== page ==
Once the work had been accomplished by Erasmus and others, no one else necessarily had the “know-how” or the resources to compile an alternate text. For the growing Protestant Reformation all that the Christians cared about was getting the Word of God into the hands of the people. The Received Text was used, not because it was considered orthodox and the pure Word of God over other rival texts, but because it was the only one really accessible to the general public for use in translating.

As for the claim about the Geneva Bible being used by Puritans and Pilgrims, they rejected the KJV because it was in their minds a Conformist Anglican produced Bible. They choose the Geneva, not because it was based upon the Received Text, but because it had strong ties to the Protestant Reformation and because it wasn’t the KJV.

A couple of excellent questions to pose to our KJV onlyist in return would be:

Which edition of the Received Text do you have in mind? You do know there are nearly 25 editions/revisions of the Received Text? And, Are you a King James Onlyists or a Received Text Onlyist? If you only care about the Received Text being preserved, would you favor an up-dated English translation based upon the Received Text to replace the aged KJV?

Let me treat these next 4 questions together because they address similar things:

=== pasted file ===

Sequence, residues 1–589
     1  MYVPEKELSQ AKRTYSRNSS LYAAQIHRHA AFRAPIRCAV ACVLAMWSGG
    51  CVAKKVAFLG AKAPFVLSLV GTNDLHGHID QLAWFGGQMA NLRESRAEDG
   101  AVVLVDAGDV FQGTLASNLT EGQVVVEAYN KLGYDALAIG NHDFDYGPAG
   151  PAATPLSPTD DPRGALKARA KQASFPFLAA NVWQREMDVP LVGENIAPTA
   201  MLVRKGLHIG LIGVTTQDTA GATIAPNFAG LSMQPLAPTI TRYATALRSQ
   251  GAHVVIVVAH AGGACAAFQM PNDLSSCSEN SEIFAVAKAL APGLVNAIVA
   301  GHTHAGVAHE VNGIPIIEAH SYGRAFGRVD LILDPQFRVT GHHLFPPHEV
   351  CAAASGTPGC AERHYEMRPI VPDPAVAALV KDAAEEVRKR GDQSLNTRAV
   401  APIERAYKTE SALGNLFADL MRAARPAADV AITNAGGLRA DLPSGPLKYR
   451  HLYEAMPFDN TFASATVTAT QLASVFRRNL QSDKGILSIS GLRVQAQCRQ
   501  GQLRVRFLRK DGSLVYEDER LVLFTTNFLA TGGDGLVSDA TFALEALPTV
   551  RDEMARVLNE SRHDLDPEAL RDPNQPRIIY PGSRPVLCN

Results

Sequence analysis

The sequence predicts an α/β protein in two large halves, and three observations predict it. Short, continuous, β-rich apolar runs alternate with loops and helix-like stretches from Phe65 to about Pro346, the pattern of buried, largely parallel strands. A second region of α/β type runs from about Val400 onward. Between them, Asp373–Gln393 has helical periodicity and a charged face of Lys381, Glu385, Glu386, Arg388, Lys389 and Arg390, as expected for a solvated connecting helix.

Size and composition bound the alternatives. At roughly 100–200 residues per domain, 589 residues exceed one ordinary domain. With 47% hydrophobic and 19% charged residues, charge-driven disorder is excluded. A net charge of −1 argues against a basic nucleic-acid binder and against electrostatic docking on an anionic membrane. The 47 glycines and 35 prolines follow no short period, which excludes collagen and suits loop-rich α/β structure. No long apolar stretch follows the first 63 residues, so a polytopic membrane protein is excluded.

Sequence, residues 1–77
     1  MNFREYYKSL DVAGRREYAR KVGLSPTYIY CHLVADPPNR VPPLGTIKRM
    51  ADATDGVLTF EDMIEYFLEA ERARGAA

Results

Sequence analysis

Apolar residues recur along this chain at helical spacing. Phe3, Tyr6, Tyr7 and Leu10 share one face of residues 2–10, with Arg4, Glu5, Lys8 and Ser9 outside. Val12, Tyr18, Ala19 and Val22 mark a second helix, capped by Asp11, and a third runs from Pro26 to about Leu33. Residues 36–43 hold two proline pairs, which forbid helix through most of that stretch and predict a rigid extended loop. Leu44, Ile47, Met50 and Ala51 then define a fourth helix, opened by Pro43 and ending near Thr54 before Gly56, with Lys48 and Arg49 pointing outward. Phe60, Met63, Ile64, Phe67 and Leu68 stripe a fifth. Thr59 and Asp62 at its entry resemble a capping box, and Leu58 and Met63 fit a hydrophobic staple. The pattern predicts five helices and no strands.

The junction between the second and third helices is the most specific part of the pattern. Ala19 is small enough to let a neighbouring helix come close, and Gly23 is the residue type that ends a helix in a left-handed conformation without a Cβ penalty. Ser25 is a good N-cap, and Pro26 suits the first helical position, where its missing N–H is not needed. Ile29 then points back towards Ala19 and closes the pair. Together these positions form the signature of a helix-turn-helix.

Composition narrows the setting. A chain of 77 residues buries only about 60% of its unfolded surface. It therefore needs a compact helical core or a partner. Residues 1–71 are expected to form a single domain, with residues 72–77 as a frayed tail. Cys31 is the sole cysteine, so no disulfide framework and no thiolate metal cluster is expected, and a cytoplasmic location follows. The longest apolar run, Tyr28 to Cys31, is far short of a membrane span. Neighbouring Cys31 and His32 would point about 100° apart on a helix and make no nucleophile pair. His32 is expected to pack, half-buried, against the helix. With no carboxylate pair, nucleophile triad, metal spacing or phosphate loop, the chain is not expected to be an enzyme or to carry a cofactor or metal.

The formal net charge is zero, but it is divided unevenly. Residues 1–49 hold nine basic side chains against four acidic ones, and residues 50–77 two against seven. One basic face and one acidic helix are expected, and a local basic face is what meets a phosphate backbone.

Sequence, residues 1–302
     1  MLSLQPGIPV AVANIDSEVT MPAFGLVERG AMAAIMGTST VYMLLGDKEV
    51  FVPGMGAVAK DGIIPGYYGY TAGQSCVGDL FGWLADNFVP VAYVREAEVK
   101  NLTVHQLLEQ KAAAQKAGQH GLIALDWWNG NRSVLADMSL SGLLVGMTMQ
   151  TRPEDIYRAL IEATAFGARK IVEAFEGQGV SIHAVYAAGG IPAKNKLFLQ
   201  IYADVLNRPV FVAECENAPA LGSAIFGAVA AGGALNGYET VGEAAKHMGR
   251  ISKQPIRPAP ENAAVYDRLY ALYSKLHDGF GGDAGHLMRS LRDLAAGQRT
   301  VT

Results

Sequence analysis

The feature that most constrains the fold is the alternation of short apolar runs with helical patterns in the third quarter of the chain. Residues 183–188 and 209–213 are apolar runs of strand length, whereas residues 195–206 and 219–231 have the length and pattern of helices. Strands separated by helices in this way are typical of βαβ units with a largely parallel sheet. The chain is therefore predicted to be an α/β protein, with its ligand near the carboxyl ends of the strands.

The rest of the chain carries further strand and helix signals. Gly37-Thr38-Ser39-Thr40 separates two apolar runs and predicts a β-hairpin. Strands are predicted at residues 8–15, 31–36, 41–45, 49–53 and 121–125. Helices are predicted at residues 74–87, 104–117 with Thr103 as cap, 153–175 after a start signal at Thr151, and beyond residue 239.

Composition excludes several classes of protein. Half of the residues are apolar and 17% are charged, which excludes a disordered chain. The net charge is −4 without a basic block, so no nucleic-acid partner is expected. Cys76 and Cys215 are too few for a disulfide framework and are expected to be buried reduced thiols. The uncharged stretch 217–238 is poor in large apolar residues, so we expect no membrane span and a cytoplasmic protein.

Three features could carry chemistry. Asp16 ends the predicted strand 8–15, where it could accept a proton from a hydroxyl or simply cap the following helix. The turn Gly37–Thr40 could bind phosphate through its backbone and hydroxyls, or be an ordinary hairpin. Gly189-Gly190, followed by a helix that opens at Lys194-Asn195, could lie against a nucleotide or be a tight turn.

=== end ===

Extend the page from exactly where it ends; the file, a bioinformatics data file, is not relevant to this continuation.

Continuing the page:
12). Do you know (a) the life, (b) the character, and (c) the teachings & (d) beliefs of the Bible translators of the Modern Versions that you are defending? Do you know – for example – what they believed about Jesus Christ?

AND

13). Do you know – for a fact – what they believed about the Deity of Jesus Christ?

AND

14). Do you know – for a fact – whether or not they believed that Mary should be worshiped?

AND

15). Do you know – for a fact – what they believed about the Trinity?

[how would you prove or demonstrate your answers to others … like us?]

nivThe series of questions implies those scholars who were involved in the textual criticism that produced the Hebrew and Greek texts used to translate our MBV like the NASB and the ESV, were really heretical in their theology and their work cannot be trusted. Generally, questions like those are aimed at Westcott and Hort who are considered by KJV onlyists to be the arch-heretics who displaced the Received Text.

Heretics, however, rarely corrupted the physical text of either the OT or the NT. What they did do is to keep the text intact, but pour their heretical teaching onto the Bible. They twist the Scriptures, as Peter says, to their own destruction.

So, how exactly do I go about proving or demonstrating what it was those individuals believed? Well, probably the easiest way to “prove” or “demonstrate” what any group of individuals say about doctrine is to actually read their works where they have written about Christ’s Deity, Mary worship and the Trinity.